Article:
Have you ever seen the timestamp format like this and wondered how it’s equivalent to the normal DateTime format?
It’s the date/time value stored in Active Directory as the number of 100-nanosecond intervals that have elapsed since the 0 hours on January 1, 1601, until the date/time that is being stored. It’s always in UTC (Coordinated Universal Time, aka. GMT) and is often used in Properties like LastLogonTimeStamp, LastPwdSet, etc. /via Technet/
The formula that can be used in Excel is something like this:
DateTime (UTC) = Timestamp/(8.64*10^11) - 109205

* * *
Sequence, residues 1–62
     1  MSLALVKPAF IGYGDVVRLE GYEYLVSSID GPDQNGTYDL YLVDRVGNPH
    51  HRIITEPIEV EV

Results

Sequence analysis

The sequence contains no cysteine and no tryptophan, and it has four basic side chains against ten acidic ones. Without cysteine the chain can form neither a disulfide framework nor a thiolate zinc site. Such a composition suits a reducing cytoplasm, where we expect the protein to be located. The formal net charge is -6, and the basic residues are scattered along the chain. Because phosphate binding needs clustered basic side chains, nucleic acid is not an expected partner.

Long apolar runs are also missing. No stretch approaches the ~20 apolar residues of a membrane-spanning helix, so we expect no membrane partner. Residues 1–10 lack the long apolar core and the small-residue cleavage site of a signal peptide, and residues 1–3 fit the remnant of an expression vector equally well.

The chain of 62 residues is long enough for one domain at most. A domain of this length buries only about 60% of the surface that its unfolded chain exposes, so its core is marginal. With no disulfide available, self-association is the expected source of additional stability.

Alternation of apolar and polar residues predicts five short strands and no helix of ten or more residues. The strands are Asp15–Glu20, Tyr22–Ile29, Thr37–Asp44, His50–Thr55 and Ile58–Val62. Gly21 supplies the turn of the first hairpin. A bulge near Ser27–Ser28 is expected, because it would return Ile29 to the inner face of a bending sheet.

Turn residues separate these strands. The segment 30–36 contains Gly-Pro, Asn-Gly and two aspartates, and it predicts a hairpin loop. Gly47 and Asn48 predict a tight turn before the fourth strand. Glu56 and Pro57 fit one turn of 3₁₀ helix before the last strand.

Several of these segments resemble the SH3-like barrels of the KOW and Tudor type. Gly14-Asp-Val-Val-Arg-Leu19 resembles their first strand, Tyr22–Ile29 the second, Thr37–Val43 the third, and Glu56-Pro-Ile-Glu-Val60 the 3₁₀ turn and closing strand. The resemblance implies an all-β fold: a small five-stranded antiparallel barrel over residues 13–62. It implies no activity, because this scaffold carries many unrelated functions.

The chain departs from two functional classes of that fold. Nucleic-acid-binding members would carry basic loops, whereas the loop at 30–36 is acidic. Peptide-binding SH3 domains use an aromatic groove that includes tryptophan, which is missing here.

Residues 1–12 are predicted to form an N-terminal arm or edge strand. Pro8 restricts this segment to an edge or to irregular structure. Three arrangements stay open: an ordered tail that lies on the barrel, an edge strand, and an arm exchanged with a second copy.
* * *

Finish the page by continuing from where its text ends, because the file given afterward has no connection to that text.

You can also use w32tm command line to do the quick conversion as well.
w32tm /ntte timestamp-value
The time shown in the second half is for local time in PCT.
Now let’s take look how it converts in PowerShell, which is so easy.
To convert a timestamp to DateTime format in UTC.
Local time, regardless of where you are?
Well, that’s one hour off, comparing to using the W32TM command, blame on the summer time saving.
You can also do the conversion the other way around, getting the timestamp from a specified date/time value. For example, to get the present moment in TimeStamp,
Hope it helps.